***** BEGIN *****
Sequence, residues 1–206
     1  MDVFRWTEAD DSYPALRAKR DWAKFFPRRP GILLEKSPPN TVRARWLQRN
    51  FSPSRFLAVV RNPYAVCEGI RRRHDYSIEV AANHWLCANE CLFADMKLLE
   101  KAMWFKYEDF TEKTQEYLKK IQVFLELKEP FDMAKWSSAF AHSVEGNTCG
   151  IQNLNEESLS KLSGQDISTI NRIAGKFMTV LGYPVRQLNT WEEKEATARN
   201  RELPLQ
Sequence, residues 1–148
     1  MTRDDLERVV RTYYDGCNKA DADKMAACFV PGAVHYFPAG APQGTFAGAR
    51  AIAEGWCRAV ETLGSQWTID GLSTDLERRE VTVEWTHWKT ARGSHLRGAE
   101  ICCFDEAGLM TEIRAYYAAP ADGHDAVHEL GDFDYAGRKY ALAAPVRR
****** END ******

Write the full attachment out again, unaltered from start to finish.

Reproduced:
Sequence, residues 1–206
     1  MDVFRWTEAD DSYPALRAKR DWAKFFPRRP GILLEKSPPN TVRARWLQRN
    51  FSPSRFLAVV RNPYAVCEGI RRRHDYSIEV AANHWLCANE CLFADMKLLE
   101  KAMWFKYEDF TEKTQEYLKK IQVFLELKEP FDMAKWSSAF AHSVEGNTCG
   151  IQNLNEESLS KLSGQDISTI NRIAGKFMTV LGYPVRQLNT WEEKEATARN
   201  RELPLQ
Sequence, residues 1–148
     1  MTRDDLERVV RTYYDGCNKA DADKMAACFV PGAVHYFPAG APQGTFAGAR
    51  AIAEGWCRAV ETLGSQWTID GLSTDLERRE VTVEWTHWKT ARGSHLRGAE
   101  ICCFDEAGLM TEIRAYYAAP ADGHDAVHEL GDFDYAGRKY ALAAPVRR